A prostaglandin is any member of a group of lipid compounds having 20 carbon atoms, including a 5-carbon ring which are derived enzymatically from fatty acids, having important functions in the animal body especially in immunity.
Sterols, or steroid alcohols are a subgroup of steroids with a hydroxyl group in the 3-position of the A-ring.
Omega-3 fatty acid
Omega-3 fatty acids are a family of polyunsaturated fatty acids which have in common a double bond in the third carbon-carbon bond from the terminal end.
Omega-6 fatty acid
Omega-6 fatty acids are a family of polyunsaturated fatty acids which have in common a double bond in the sixth carbon-carbon bond from the terminal end.
Omega-9 fatty acid
Omega-9 fatty acids are a family of polyunsaturated fatty acids which have in common a double bond in the ninth carbon-carbon bond from the terminal end.
Inositol is a carbocyclic polyol that plays an important role as the structural basis for a number of secondary messengers in eukaryotic cells.
Sphingolipids are a class of lipids derived from the aliphatic amino alcohol sphingosine.
The terpenoids, sometimes referred to as isoprenoids, are a large and diverse class of naturally occurring organic chemicals similar to terpenes, derived from five-carbon isoprene units assembled and modified in thousands of ways.
Eicosanoids are signaling molecules derived from omega-3 or omega-6 fats. They exert complex control over many bodily systems, mainly in inflammation or immunity, and as messengers in the central nervous system.
Sphingomyelin is a type of sphingolipid found in animal cell membranes, especially in the membranous myelin sheath which surrounds some nerve cell axons.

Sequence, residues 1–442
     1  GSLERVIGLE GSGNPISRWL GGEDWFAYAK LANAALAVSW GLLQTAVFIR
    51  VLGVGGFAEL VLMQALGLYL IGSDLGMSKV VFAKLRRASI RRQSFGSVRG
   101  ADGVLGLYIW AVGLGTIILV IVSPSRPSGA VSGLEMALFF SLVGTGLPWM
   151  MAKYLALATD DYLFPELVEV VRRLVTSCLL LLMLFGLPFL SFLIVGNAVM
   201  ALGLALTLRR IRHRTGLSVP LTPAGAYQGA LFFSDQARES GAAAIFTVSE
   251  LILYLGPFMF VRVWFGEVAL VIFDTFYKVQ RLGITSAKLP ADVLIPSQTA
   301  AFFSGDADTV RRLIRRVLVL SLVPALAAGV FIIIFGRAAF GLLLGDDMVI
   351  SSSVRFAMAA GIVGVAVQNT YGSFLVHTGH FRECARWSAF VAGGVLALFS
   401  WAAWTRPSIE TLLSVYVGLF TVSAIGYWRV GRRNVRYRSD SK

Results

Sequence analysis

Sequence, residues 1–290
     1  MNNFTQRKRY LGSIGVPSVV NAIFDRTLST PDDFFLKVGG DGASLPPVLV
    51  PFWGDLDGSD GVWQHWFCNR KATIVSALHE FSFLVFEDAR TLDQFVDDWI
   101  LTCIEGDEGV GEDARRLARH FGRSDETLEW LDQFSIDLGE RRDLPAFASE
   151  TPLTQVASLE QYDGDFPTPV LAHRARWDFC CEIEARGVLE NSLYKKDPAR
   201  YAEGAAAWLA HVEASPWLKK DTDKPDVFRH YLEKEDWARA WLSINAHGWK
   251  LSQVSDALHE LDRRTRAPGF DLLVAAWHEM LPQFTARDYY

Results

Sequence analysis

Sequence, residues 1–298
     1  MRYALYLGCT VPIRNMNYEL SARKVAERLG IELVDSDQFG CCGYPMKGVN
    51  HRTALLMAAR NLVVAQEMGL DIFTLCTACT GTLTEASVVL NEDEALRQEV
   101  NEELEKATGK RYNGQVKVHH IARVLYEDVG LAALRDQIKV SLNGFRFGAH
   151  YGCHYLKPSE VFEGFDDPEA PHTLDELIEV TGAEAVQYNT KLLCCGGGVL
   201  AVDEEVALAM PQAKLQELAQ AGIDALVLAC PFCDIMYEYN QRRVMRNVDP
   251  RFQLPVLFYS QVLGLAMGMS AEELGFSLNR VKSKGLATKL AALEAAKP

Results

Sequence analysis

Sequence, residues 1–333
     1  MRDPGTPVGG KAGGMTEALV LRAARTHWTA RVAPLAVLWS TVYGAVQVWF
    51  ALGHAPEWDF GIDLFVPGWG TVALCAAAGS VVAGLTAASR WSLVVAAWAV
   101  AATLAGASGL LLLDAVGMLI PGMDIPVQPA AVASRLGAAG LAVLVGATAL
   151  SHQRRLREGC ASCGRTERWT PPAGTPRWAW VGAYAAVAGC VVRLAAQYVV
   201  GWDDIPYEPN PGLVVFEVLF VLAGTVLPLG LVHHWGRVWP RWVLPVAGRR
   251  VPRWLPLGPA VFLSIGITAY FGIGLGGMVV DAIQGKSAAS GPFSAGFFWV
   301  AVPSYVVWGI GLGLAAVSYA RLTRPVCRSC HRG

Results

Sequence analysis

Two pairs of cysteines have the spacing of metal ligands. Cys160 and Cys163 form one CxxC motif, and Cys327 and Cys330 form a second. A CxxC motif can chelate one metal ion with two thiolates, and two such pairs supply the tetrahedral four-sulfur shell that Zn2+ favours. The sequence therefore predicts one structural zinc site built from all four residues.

Monoterpenes are a class of terpenes that consist of two isoprene units.
Advanced terms that may appear in context in MCAT passages
The terpene carotene is an orange photosynthetic pigment important for photosynthesis. It is responsible for the orange colour of the carrot and many other fruits and vegetables.
Prostanoid is the term used to describe a subclass of eicosanoids consisting of the prostaglandins, the thromboxanes and the prostacyclins.
Phosphatidylserine is a phospholipid nutrient found in fish, green leafy vegetables, soybeans and rice, and is essential for the normal functioning of neuronal cell membranes and activates protein kinase C which has been shown to be involved in memory function.
Carotenoids are organic pigments naturally occurring in plants, some algae, some types of fungus and some bacteria. They are split into two classes, xanthophylls and carotenes.
Cephalin is a phospholipid found in all living cells, although in human physiology it is found particularly in nervous tissue such as the white matter of brain, nerves, neural tissue, and in spinal cord. It is the principal phospholipid in bacteria.
Cardiolipin (bisphosphatidyl glycerol) is an important component of the inner mitochondrial membrane, where it constitutes about 20% of the total lipid.
Sphingosine is an 18-carbon amino alcohol with an unsaturated hydrocarbon chain, which forms a primary part of sphingolipids, a class of cell membrane lipids that include sphingomyelin.
Composed of sphingosine and a fatty acid, ceramides are a family of lipid molecules found in high concentrations within the cell membrane.
Sesquiterpenes are terpenes that consist of three isoprene units.
Lycopene is a bright red carotenoid pigment, a phytochemical found in tomatoes and other red fruits. It is the most common carotenoid in the human body and is one of the most potent carotenoid antioxidants.
Xanthophylls (originally phylloxanthins) are yellow pigments from the carotenoid group.
Thromboxane is a member of the family of lipids known as eicosanoids. It is named for its role in clot formation.
Leukotrienes are eicosanoid lipid mediators produced in the body from arachidonic acid by the enzyme 5-lipoxygenase. These substances may be responsible for a number of the effects of asthma and allergies.